Explore Leiths Diploma Open House – 5th June 2024


Gizzi Erskine’s Chicken in Weeds

The first incarnation of “Chicken in Weeds” appeared in my very first book, Kitchen Magic. It’s a curry that my mother adapted from a Madhur Jaffrey recipe from the 1990s, a simple, delicately spiced curry, and I renamed it “Chicken in Weeds” due to the fact that the chicken swam in a pool of coriander.

I still make it regularly at home, though it has developed into what feels like a very different incarnation, superior in its flavour and viscosity. The chicken is more authentically chopped: I use the whole bird, jointed, making for a richer stock, and cook it low and slow so the meat falls off the bone (you can use leg and thigh pieces if you prefer, but I want you to try breaking up a whole chicken) and I’ve upped the spicing too, including cardamom, turmeric, cloves and cinnamon. I’ve also made it greener with added spinach, and cashews for a gentle, creamy roundness.

It’s completely inauthentic, yet somehow tastes like a curry that should sit among the classics. It makes the most brilliant everyday meal, but also a terrific dish as part of an Indian or Middle Eastern dinner party. My mum was famous for making huge feasts and would serve this with yellow pea tarka dhal and often a beetroot and coconut curry or raw carrot raita.


Serves 6-8

6 tbsp vegetable oil

1 chicken, skinned and joined (or 6 thigh, leg and wing pieces)

1 onion, roughly chopped

1 head of garlic, cloves peeled and roughly chopped

5cm piece of fresh ginger, peeled and roughly chopped

2 tsp ground cumin

1 tbsp ground coriander

2 green cardamom pods

Pinch of ground cloves

½ tsp Kashmiri chilli powder

½ tsp cayenne

½ tsp ground turmeric

500ml fresh chicken stock

1 cinnamon stick

1 green chilli, kept whole

100g coriander, leaves and stalks

100g unsalted cashews

200g spinach leaves, washed

Juice of ½ lemon

1 tsp sea salt

Cooked basmati rice, to serve


  1. Heat 2 tablespoons of the oil in a casserole dish over a high heat, then brown the chicken pieces in two batches until they are caramelised all over (you may need to add a little more oil to the pan for the second batch of chicken). Remove and set aside.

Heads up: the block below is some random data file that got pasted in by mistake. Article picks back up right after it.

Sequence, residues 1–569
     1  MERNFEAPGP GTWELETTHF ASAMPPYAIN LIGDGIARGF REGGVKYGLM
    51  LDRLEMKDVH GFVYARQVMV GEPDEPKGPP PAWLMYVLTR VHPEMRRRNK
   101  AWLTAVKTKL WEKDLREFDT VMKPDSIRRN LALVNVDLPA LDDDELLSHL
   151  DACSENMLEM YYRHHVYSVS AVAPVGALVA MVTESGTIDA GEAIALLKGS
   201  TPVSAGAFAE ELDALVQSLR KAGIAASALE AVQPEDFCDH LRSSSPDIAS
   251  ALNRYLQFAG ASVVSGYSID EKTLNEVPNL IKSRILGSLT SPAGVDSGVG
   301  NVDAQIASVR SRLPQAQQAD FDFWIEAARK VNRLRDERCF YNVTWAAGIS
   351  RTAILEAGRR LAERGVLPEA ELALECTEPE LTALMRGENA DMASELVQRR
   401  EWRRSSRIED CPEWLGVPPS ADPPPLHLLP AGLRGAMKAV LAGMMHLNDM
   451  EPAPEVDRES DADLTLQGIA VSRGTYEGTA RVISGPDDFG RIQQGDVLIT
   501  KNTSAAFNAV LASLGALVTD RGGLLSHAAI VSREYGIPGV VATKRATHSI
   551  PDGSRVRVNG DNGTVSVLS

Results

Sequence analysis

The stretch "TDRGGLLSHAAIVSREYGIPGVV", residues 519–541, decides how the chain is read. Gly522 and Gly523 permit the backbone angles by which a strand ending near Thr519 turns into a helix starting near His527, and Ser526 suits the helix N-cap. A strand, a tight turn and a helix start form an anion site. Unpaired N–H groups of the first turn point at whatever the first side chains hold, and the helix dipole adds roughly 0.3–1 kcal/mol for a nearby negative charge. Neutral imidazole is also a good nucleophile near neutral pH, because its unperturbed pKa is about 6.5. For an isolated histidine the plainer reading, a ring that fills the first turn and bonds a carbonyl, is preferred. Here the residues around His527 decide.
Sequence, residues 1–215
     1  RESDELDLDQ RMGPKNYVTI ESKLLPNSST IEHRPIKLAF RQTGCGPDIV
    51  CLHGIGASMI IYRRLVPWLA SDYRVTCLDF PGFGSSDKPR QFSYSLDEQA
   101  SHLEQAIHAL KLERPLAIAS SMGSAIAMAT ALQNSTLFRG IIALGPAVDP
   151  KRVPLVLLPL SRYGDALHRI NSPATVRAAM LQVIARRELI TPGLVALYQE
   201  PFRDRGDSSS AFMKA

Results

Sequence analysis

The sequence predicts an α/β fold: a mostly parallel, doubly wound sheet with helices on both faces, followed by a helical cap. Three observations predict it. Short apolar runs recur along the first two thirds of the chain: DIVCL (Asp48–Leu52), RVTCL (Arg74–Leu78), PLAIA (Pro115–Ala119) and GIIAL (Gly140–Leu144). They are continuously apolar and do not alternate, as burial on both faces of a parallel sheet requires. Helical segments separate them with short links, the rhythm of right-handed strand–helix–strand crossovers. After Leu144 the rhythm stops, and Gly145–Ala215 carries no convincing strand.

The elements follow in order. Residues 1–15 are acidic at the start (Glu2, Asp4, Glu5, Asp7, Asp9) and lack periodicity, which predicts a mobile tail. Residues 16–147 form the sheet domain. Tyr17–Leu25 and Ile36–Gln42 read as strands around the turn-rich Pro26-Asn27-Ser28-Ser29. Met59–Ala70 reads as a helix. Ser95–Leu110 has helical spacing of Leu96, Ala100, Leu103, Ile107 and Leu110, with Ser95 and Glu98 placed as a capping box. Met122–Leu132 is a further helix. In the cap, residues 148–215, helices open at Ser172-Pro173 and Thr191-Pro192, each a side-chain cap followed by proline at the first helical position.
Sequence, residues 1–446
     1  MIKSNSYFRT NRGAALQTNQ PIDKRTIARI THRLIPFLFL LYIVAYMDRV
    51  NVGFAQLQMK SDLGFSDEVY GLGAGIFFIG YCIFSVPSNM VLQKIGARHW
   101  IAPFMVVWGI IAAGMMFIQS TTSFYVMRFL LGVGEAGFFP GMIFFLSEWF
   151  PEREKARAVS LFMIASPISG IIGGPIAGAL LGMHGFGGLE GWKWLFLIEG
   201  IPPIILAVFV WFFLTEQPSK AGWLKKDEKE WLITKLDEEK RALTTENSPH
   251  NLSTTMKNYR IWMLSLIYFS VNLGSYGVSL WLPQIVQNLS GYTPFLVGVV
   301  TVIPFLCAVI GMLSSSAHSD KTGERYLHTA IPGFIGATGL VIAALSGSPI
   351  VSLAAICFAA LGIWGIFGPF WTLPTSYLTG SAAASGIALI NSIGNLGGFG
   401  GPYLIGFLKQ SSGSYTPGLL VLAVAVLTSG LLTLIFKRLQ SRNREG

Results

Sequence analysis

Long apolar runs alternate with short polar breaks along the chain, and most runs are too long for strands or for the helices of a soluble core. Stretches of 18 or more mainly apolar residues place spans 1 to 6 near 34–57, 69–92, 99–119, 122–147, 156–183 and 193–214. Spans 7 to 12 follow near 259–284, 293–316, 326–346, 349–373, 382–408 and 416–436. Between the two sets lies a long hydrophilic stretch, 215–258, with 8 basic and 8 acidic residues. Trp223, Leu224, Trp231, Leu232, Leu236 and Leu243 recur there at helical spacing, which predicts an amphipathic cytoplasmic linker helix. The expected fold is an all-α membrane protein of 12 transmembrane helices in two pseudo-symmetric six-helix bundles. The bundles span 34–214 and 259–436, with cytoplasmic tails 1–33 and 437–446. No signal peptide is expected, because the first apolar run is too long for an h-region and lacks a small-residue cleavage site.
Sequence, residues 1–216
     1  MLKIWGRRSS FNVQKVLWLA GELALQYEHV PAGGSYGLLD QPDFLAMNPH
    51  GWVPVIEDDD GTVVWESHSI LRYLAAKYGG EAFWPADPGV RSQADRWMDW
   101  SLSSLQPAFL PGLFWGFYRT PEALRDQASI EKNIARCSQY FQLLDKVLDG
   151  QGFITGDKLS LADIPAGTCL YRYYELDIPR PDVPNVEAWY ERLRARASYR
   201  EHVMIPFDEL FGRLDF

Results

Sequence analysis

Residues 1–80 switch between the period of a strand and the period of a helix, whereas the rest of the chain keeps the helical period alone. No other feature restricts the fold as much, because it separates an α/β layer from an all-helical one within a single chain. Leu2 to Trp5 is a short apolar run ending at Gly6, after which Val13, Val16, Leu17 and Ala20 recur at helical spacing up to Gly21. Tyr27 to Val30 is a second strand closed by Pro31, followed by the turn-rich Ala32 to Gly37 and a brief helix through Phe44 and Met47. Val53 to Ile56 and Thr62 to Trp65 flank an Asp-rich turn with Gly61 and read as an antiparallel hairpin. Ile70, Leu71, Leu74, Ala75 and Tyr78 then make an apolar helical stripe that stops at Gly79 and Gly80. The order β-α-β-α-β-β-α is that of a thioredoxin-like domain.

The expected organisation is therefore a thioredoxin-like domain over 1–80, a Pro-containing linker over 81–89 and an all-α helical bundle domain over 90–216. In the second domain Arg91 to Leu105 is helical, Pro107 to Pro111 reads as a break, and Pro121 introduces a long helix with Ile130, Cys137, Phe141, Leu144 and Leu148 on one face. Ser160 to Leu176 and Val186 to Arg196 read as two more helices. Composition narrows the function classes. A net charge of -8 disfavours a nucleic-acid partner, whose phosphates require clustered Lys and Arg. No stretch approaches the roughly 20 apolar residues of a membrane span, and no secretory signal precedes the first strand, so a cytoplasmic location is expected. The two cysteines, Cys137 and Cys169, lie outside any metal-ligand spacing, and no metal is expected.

2. Add the rest of the oil to the pan, set the heat to medium-low and throw in the onions, garlic and ginger (it will be blitzed to a paste, so don’t worry about chopping everything finely). Sweat for at least 20 minutes, until the onions are really soft and golden and have begun to caramelise, then add all of the spices to the dish, except the cinnamon stick and green chilli, and fry for a minute or two before adding the chicken stock. Return the chicken and any residual juices to the dish and add the cinnamon stick and whole green chilli. Cover and cook over a low heat for 40 minutes, until the chicken is starting to come away from the bone.
  3. Remove the chicken from the sauce once more and set aside. Carefully transfer the sauce to a food processor, removing the cardamom pods and cinnamon stick, but including the whole chilli (don’t worry about removing the stalk). Add the coriander, cashews and spinach and blitz until smooth – you want everything to be mulched and blended together well. Return this vibrant green sauce to the casserole dish and put the chicken back in. Heat together for 5 minutes but no longer, as you don’t want to lose the bright colour of the sauce. Squeeze in the lemon juice and season with the salt. Serve with basmati rice.

These Delicious Things by Jane Hodson, Lucas Hollweg and Clerkenwell Boy is publishing on 9th November with Pavilion, HarperCollins (RRP £25). These Delicious Things will be published in support of Magic Breakfast.